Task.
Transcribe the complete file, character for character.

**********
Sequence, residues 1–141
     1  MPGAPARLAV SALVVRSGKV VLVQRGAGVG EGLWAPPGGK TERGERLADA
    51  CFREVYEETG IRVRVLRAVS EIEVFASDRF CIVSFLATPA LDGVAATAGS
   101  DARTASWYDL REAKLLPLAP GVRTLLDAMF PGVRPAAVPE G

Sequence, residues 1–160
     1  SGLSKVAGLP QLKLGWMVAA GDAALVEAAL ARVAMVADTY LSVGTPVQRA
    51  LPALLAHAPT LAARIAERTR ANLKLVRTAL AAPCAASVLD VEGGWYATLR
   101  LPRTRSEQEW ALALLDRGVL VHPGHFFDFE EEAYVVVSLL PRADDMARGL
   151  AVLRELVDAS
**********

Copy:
Sequence, residues 1–141
     1  MPGAPARLAV SALVVRSGKV VLVQRGAGVG EGLWAPPGGK TERGERLADA
    51  CFREVYEETG IRVRVLRAVS EIEVFASDRF CIVSFLATPA LDGVAATAGS
   101  DARTASWYDL REAKLLPLAP GVRTLLDAMF PGVRPAAVPE G

Sequence, residues 1–160
     1  SGLSKVAGLP QLKLGWMVAA GDAALVEAAL ARVAMVADTY LSVGTPVQRA
    51  LPALLAHAPT LAARIAERTR ANLKLVRTAL AAPCAASVLD VEGGWYATLR
   101  LPRTRSEQEW ALALLDRGVL VHPGHFFDFE EEAYVVVSLL PRADDMARGL
   151  AVLRELVDAS